A heart-rending story broke last week that over 200,000 Nigerian refugees are starving in neighbouring Cameroon, in addition to living in pathetic conditions without healthcare, food, accommodation or education for their children. The refugees said the Federal Government of Nigeria has abandoned them while the host government could not meet up with the challenges of catering for them. The refugees also said they want to come back home no matter the situation in their communities so as to engage in economic activities.
Some of the refugees described themselves as "forgotten citizens.'" They said their food ration in Cameroon had been drastically reduced. The refugees spoke when officials of the United Nations High Commission for Refugees [UNHCR], Nigeria and Cameroon visited their Minawao camp in Cameroon's Far North region, which borders Borno State. One of the refugees told the visitors, "Hunger is the reason why we left Nigeria after Boko Haram chased us from our homes. We are very hungry here. The quantity of food usually given to us has been greatly reduced. We want to ask; are we no longer Nigerians? Has Nigeria forgotten us? We want to come back and stay on our own soil and work, even without food."
UNHCR's Representative to Nigeria and West Africa Jose Antonio Canhandula later told Nigerian officials the condition for refugees' return was not yet feasible. He however urged Nigeria to improve the reception conditions in anticipation of continuous return. "Let us not fool ourselves. the situation in areas of return is not yet conducive for people to return and this is probably why the Federal Government is moving people away from Banki [in Bama Local Government Area of Borno State]. We told them that the time is not ripe for return; that the tripartite agreement is for now just a framework. The refugees do not want to remain dependent on humanitarian gestures. So, return will continue mainly because Nigerian refugees do not appreciate the condition of dependence."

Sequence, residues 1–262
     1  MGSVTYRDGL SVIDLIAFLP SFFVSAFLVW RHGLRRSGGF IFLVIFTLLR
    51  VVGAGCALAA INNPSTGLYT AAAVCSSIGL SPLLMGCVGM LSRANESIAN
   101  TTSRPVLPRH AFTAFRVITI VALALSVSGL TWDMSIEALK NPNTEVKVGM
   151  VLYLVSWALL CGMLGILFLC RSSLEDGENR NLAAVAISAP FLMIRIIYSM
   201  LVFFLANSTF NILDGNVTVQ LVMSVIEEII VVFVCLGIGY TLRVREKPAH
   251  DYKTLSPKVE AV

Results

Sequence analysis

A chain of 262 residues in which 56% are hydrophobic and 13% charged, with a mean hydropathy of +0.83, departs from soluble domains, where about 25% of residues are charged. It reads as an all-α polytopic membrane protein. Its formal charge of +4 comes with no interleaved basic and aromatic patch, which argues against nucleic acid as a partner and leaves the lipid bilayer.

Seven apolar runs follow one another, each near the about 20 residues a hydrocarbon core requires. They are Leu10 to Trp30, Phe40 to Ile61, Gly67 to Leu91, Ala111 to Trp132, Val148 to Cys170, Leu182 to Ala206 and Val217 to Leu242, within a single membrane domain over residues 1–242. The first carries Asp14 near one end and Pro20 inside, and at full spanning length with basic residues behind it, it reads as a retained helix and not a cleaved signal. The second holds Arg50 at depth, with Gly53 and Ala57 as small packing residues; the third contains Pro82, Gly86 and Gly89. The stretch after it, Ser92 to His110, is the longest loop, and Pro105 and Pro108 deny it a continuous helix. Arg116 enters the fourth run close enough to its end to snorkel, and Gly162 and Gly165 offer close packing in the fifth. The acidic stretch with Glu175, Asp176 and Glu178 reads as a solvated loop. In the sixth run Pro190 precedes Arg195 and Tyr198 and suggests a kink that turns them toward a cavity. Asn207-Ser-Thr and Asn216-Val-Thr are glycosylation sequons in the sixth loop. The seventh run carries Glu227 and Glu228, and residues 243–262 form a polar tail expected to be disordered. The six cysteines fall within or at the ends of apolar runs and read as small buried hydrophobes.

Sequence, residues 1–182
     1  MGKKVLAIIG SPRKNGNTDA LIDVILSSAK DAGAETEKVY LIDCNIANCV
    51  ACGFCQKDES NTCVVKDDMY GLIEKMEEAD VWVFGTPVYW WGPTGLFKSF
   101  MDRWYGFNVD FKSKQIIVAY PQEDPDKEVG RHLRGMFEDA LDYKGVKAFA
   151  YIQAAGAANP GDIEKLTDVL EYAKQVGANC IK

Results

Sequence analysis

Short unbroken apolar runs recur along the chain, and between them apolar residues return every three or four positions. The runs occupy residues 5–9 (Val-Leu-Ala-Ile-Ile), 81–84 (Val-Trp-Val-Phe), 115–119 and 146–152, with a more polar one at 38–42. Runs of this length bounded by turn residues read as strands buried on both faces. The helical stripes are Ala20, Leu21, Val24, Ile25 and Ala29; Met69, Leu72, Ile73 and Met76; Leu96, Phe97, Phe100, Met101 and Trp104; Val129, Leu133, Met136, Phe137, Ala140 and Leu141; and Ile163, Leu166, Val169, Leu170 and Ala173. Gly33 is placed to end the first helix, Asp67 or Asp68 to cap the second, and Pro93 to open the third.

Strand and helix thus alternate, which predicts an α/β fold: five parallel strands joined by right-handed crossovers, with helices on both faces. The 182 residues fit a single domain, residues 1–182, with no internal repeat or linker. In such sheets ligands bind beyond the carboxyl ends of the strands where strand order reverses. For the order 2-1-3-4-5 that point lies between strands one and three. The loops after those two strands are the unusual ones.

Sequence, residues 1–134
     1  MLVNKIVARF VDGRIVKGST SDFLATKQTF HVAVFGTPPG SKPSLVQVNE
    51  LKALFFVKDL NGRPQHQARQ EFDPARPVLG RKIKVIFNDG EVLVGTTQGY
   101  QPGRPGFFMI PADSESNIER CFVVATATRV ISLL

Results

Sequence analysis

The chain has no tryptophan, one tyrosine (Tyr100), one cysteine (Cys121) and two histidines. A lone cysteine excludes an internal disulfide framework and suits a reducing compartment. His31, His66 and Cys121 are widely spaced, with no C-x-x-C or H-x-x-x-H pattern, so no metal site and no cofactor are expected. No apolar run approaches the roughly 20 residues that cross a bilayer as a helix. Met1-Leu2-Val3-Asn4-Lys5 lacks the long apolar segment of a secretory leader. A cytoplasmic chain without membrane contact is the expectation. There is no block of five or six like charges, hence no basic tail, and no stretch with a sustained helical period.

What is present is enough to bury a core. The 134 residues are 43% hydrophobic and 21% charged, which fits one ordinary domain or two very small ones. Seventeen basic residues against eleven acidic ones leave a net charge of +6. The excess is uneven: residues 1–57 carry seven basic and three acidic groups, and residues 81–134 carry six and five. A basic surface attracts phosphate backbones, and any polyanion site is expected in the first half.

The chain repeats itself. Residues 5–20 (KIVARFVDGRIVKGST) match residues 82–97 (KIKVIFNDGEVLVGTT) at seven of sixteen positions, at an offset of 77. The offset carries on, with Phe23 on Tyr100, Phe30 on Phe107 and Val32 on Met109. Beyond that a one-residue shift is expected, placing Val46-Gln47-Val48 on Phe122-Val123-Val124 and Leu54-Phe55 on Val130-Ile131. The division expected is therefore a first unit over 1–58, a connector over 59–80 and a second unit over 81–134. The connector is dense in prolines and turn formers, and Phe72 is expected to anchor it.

Canhandula said the refugees would need to exercise some patience with regards to their feeding, saying while the World Food Programme [WFP] has reduced the 'food basket' for the Nigerian refugees by 25 percent, it reduced that of refugees from Central African Republic [CAR] by 50 percent. An official of Nigeria's Foreign Affairs Ministry Ambassador Nuhu Iliya said Nigeria is doing all it can to ensure the voluntary return of all refugees to their homeland. He said security forces are working to ensure a return to normal life in all liberated areas.
The distressing situation of these refugees is worrisome. Data from the United Nations Office for the Coordination of Humanitarian Affairs shows that from the start of the Boko Haram crisis in 2009, more than 20,000 people have been killed [Borno Governor Kashim Shettima said over 100,000]; thousands of women and girls abducted and children drafted as so-called "suicide" bombers into the insurgency. Up to 2.1 million people fled their homes at the height of the conflict, 1.9 million of whom are currently internally displaced and over 200, 000 people are still in Cameroon, Chad and Niger Republic.
Despite the decimation of Boko Haram terrorists by the military, conditions are not yet ripe for refugees to return home especially in the far northern and eastern parts of Borno State which are still infested by insurgents. Almost 7 million people are in need of humanitarian assistance in three North Eats states, more than 50 per cent of whom are children. So while the plight of internally displaced persons within the country is also dire, those that had to flee to neighbouring countries are in an even worse state. Cameroonian authorities, international humanitarian agencies as well as Nigerian governments have helped but they should step up efforts towards bringing all vulnerable Nigerians in neighbouring countries back home pending the final routing of the terrorists and the rebuilding of the communities.